On Tuesday, Sept. 5, one day after Labor Day, busloads of concerned farmers and farm workers will arrive at the Supreme Court of California in San Francisco to support Gerawan Farming and farm workers—and quite possibly 80,000 family farms in the state—against forced unionization in the first case on the Court’s agenda: Gerawan Farming, Inc. v. Agricultural Labor Relations Board (United Farm Workers of America, Real Party in Interest) and Consolidated Case, S227243 (Kline, P. J., assigned justice pro tempore).
Gerawan Case History
Explaining the case history, David Schwarz, attorney for Gerawan Farming, Inc. from the Los Angeles-based law firm of Irell & Manella LLP, said, “This case began almost five years ago in mid-October of 2012. The United Farm Workers (UFW) sent a letter to Gerawan Farming demanding that the company resume bargaining over a collective bargaining agreement. The UFW had won an election at Gerawan in 1990 and was certified to represent the workers by the California Agricultural Labor Relations Board (ALRB) in 1992. After one preliminary negotiating session in early 1995, the union disappeared and wasn’t heard from by Gerawan for nearly 20 years.”
“The UFW resurfaced in late 2012 demanding negotiations,” Schwarz stated, “but after ten bargaining sessions, the union abandoned the bargaining table.” This scenario was similar to UFW’s behavior after having won several certification elections by California farm workers employed on separately-owned farms but was unable to obtain first contracts with many growers on behalf of these farm workers.
Farm Worker Rights under the Agricultural Labor Relations Act
According to the ALRB website, all agricultural employees in California, whether or not they are represented by a labor organization (union), have certain rights under the Agricultural Labor Relations Act (ALRA or Act). The purpose of the Act is to ensure peace in the agricultural fields by guaranteeing justice for all agricultural workers and stability in labor relations. The ALRA became law in 1975.
The Act describes and protects the rights of agricultural employees to make their own decisions about whether or not they want a union to negotiate with their employer about their wages, hours, and other working conditions. Where the employees, through a secret ballot election, have selected a union to represent them, the Act requires that the employer bargain in good faith with the union concerning wages, hours, and other working conditions.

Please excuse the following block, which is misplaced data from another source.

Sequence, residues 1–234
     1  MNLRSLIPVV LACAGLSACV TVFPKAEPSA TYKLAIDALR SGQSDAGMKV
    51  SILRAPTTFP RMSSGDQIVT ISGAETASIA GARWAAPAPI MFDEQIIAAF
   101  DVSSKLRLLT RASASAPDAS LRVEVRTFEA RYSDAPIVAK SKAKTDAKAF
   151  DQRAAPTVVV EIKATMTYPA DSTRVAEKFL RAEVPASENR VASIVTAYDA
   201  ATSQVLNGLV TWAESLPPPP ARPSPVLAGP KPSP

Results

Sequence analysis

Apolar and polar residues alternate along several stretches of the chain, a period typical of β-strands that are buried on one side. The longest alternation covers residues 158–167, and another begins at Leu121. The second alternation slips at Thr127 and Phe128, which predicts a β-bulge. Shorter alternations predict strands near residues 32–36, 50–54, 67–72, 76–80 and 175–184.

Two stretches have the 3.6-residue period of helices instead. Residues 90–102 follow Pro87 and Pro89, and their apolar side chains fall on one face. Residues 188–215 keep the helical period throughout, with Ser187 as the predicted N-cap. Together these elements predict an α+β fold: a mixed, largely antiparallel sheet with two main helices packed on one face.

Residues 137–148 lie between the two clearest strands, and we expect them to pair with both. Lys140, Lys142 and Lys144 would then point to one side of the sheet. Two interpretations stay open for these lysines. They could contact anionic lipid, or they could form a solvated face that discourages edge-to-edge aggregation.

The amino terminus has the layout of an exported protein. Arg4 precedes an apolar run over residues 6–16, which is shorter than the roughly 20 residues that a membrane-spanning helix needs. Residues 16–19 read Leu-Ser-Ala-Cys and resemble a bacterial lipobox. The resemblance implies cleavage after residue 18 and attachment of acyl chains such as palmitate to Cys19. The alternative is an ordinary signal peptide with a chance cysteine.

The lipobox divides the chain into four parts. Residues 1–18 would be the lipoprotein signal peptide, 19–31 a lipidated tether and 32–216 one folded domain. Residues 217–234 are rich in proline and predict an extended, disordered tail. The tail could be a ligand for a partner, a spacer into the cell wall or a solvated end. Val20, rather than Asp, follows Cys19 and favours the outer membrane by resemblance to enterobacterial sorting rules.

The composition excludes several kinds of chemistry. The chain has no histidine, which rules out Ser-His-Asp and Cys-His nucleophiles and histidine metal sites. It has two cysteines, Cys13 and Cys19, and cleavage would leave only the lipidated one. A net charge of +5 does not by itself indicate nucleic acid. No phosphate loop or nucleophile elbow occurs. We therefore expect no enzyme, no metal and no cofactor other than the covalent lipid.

The Agricultural Labor Relations Board (ALRB) is the state agency established to enforce the Act.
Mandatory Mediation and Conciliation (MMC)
“At this juncture, UFW invoked a process known as “Mandatory Mediation and Conciliation (MMC), a euphemism for forced-contracting, passed by the legislature in 2002 at the behest of UFW,” Schwarz explained. “Through MMC, the State of California imposes a contract on the employer and its farm workers at the union’s request. In Gerawan’s case, the failure to reach a contract can be explained by the failure of the UFW to show up and attempt to negotiate; however, that failure to bargain—or for that matter, the union’s complete abandonment of the Gerawan farm workers—was deemed irrelevant in the eyes of the ALRB.”
“The ALRB argued that the union certification in 1992 means the UFW remains the perpetual representative of Gerawan workers now and forever,” said Schwarz, “and until such time as the workers vote the union out through a petitioned election process known as decertification.” The ALRB disregarded both UFW’s failure to represent Gerawan farm workers in any successful contract negotiation and the UFW’s failure to qualify to collect union dues from Gerawan farm workers. Most significantly, the ALRB disregarded the legally-sanctioned and ALRB-supervised election on November 5, 2013, in which Gerawan farm workers had the opportunity to vote to decertify the UFW or not—the ballots of which have never been counted and are believed to be stored in an unknown, unsecured location.
“Let’s be clear,” Schwarz explained, “at no point after this union was certified until this union invoked the MMC process, was there an allegation that Gerawan refused to show up or refused to negotiate the terms of the contract. So this is not a case about a grower refusing to show up at the bargaining table or a grower inserting that the abandonment forfeits the right of the union to bargain.”